Brightwood Hospital. Fictional Detroit hospital sometimes called Hudson’s Clinic in honor of Dr. Wayne Hudson, whose brilliant brain surgery has made the place famous. The hospital is described as being white, neat, and having a variety of well-lighted rooms; however, it also harbors a dark mystery concerning Hudson’s life and work. Hudson is strongly driven by secrets he learned from an artist who drew his ideas for gaining creative power from Christ’s Sermon on the Mount. In the mysteries of brain surgery, the inescapable connection between the physical and the spiritual forms a hinge that holds together the novel’s central drama. Hudson’s work at Brightwood is symbolic of the modern struggle of humans to understand themselves as more than machines.
The rich playboy Robert Merrick is taken to Brightwood Hospital after a boating accident. There, he not only recovers, but also discovers his vocational calling to become a brain surgeon in order to atone for his inadvertent part in Hudson’s death.
Lake Saginack. Lake overlooked by Dr. Hudson’s Flintridge home. Its black waters and steep sides symbolize the depths of life and death into which Hudson perpetually dives in spite of his fears. For Robert Merrick and his grandfather Nicholas Merrick, this lake is a place of leisure—for swimming and sailing. Ironically, when young Merrick has a sailing accident and is saved from drowning by a resuscitation apparatus belonging to Hudson, Hudson himself drowns in the lake and cannot be saved because his apparatus is not available. Thus, his life ends in the same waters where the younger man’s life is renewed.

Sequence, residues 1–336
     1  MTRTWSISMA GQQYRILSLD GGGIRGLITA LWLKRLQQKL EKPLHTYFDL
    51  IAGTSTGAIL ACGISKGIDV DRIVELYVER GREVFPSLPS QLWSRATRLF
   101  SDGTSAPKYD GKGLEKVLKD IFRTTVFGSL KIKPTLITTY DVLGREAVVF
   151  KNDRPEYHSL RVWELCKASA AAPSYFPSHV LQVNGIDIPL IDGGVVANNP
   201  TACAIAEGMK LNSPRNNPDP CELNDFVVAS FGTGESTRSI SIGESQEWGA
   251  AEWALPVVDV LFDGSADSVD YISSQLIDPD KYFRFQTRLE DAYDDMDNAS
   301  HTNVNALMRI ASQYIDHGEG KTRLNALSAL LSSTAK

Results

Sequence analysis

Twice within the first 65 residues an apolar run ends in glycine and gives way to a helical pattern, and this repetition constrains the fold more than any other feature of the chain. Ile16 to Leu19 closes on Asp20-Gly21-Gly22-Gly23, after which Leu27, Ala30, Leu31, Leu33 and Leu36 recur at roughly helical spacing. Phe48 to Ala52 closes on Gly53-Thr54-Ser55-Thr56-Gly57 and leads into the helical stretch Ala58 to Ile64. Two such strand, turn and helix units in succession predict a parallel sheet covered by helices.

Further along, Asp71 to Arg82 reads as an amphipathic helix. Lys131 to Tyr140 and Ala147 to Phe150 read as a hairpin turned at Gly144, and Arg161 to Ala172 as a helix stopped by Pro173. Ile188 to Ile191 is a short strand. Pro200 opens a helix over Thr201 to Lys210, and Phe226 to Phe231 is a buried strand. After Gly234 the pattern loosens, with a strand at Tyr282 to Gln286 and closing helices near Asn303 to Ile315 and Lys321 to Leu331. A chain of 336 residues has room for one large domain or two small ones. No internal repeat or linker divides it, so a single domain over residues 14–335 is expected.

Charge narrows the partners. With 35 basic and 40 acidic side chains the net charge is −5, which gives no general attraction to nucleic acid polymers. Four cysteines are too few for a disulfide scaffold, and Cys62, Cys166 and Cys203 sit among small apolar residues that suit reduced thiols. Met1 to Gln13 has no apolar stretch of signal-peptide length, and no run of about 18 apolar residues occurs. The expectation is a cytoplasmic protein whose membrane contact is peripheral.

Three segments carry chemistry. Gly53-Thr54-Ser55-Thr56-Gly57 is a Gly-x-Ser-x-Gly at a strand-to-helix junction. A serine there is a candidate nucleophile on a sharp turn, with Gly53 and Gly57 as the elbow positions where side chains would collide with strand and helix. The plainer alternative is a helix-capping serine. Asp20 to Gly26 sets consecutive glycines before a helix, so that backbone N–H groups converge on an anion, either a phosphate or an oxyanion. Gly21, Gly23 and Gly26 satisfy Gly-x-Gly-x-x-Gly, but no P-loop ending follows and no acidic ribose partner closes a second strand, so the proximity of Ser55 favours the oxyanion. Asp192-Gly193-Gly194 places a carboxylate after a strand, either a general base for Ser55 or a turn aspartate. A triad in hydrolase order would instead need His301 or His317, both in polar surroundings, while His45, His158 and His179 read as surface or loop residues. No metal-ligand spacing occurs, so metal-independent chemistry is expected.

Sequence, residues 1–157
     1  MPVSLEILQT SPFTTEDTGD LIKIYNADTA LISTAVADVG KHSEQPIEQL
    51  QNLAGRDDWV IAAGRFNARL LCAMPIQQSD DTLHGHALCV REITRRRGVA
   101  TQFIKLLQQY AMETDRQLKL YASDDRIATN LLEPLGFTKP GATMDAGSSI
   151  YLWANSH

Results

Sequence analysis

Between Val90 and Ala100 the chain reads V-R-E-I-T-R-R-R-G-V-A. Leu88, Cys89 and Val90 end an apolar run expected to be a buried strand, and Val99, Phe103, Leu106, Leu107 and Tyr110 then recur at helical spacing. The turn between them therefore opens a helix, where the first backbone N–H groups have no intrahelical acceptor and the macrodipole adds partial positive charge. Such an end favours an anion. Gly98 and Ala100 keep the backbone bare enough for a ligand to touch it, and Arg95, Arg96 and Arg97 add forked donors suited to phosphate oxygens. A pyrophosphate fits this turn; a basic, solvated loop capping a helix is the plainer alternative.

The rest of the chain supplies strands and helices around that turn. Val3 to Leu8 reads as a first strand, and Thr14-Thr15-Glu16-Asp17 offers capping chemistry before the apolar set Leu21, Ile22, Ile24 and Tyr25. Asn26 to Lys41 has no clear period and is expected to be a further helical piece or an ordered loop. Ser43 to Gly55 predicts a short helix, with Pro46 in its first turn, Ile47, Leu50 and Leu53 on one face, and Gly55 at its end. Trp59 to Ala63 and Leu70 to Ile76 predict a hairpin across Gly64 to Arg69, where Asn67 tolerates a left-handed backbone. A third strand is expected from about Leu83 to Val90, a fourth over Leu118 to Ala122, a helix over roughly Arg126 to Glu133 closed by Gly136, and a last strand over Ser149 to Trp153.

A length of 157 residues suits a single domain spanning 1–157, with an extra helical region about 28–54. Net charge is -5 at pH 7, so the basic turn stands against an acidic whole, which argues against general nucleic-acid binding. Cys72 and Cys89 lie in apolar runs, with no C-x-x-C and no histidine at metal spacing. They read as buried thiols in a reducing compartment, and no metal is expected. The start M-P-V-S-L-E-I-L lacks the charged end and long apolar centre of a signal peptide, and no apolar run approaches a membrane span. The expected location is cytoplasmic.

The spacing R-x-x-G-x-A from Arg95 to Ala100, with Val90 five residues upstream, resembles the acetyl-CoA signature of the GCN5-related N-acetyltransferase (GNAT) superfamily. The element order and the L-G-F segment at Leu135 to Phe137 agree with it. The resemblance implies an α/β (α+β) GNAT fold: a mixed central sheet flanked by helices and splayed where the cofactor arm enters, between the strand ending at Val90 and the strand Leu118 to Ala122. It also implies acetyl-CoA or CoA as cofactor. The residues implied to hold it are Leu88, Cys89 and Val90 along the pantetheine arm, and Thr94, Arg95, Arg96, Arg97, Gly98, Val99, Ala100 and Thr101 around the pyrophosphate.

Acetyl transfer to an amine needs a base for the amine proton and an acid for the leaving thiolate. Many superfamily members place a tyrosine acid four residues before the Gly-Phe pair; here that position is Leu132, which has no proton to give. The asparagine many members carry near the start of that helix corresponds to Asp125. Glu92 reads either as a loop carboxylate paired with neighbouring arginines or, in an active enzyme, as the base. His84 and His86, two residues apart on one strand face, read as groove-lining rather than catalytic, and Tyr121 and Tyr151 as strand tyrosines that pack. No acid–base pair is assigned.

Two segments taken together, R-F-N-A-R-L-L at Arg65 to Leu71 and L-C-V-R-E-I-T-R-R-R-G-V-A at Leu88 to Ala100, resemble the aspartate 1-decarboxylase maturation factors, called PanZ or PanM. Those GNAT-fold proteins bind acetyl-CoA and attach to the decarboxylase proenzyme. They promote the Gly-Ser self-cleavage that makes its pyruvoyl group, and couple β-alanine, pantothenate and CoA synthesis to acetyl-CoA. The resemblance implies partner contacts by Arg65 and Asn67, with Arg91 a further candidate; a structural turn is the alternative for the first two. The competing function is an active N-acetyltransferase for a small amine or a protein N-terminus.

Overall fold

*Paris. France’s capital city is the home of Merrick’s widowed mother. To Merrick, the city represents a world of posturing and pretense that he avoids as much as possible, even as he tries to avoid memories of his very unpleasant childhood at home with two parents who hated each other.
Gordon’s Gardens. Cabaret in Detroit where young people, such as Tom Masterson and Joyce Hudson, go for wild parties and heavy drinking. Merrick rescues Joyce from an incident there with an acrobat who uses her as a stage display, even though she has passed out.